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Evidence for everyday - #WeMDT
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Hosted by WeNurses using #WeMDTThis chat is guest hosted by @SarahChapman30 @CochraneUK
"Evidence based practice" is a phrase we hear often in healthcare but actually putting evidence into practice can be challenging. For starters you don't know what you don't know, finding the evidence that is relevant to your practice can be as haphazard as stumbling across it on the internet or in a journal. There is also the minefield of reliable evidence: can you trust the source? have you critically appraised it? is the evidence valid for your area of work? Finally once you have found and appraised the evidence the challenge then is to discuss this with your peers and your patients and actually put what you have learned into practice.
This #WeMDT discussion is being held in conjunction with Cochrane UK and aims to explore evidence for everyday - how we find it, how we use it and how it impacts our practice. Sarah Chapman (@SarahChapman30) from Cochrane UK writes:
"At CochraneUK ( @CochraneUK ) we use social media to share evidence, most often from Cochrane reviews, in different formats and different levels of complexity, with the aim of making it accessible and useful to people making health decisions. We do this through blogs on http://www.evidentlycochrane.net, blogshots and other products across several social media platforms, and through tweetchats, most often with the wonderful WeCommunities!
Using the best available evidence to inform decisions is an essential part of evidence-based practice, along with clinical expertise and the patient’s preferences and values.
We have four ‘Evidence for Everyday’ series, created for specific audiences:
- Nurses #EENursing - VIEW HERE
- Midwives #EEMidwifery - VIEW HERE
- Allied health professionals #EEAHP - VIEW HERE
- Patients/others making health choices #EEHealthChoices - VIEW HERE
We called the series ‘Evidence for Everyday’ because we tend to focus on common topics and practices, but also because we think everyday practice should aim to be evidence-based.
When reliable evidence just isn’t there, perhaps we should think of it as ‘evidence-aware practice’! Being aware of gaps in the evidence is really important. There are many examples of clinical practice where something is done routinely, but for which the benefits and harms, and other factors, have not been established by reliable evidence. I’ve written more about that HERE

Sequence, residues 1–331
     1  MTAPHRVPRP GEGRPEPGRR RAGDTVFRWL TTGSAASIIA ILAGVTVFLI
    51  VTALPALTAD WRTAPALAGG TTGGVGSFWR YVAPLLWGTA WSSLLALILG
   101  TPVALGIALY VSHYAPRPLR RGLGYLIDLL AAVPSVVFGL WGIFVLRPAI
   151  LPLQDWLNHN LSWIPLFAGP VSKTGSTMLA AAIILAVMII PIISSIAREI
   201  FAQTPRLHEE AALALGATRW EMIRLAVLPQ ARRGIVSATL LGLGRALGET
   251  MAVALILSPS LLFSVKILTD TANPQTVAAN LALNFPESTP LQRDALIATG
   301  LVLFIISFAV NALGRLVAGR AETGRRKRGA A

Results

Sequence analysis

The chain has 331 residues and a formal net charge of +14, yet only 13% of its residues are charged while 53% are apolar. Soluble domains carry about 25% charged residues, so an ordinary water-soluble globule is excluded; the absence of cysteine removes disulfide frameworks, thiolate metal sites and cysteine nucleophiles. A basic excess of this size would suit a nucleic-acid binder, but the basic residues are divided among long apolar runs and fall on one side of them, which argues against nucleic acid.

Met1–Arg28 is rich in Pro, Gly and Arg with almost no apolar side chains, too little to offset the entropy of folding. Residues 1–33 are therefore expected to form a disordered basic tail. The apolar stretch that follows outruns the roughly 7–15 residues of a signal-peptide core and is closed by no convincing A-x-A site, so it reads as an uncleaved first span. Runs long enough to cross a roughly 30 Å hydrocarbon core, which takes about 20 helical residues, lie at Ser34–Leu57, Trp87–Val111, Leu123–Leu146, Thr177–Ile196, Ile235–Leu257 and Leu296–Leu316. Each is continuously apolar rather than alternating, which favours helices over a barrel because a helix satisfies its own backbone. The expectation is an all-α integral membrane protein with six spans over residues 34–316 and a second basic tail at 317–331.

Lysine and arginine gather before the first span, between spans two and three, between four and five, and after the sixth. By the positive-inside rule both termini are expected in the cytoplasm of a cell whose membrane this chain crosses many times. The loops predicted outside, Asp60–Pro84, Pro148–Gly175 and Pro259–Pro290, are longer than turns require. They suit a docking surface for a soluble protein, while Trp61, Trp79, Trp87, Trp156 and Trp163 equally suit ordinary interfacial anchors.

One of the things we most value being able to do, is to invite practitioners and patients to bring their experience and expertise alongside the evidence, in blogs and in tweetchats. We also host Students 4 Best Evidence @Students4BE where you can find useful resources like this library of evidence-based nursing resources, and read and reflect on blogs – or write them!
Social media is a great way to share (and find) evidence for practice as it reaches so many people. Recently we used social media to share a newly updated Cochrane review, with high quality evidence, informing and supporting the recommendation in UK and international guidelines that peripheral venous catheters (PVCs) should be replaced only when clinically indicated rather than routinely - you can read about the impact of this HERE, but essentially we used a variety of social media approaches to bring relevant everyday evidence to healthcare practitioners.
We’re always looking to improve what we do too, and if we can better understand what helps and hinders you in making your practice evidence-based, that will help us to make the series more useful to you."
Questions we will be exploring during this tweetchat:
- What was the last piece of evidence you used to inform your practice?
- How easy is it to find and understand up-to-date evidence?
- What are the barriers to making your practice evidence-based?
- What helps / could help you to bring more evidence into practice?
- What could help to bring evidence into practice as part of decision-making with patients and colleagues?
- What one piece of evidence do you feel would help with your daily practice?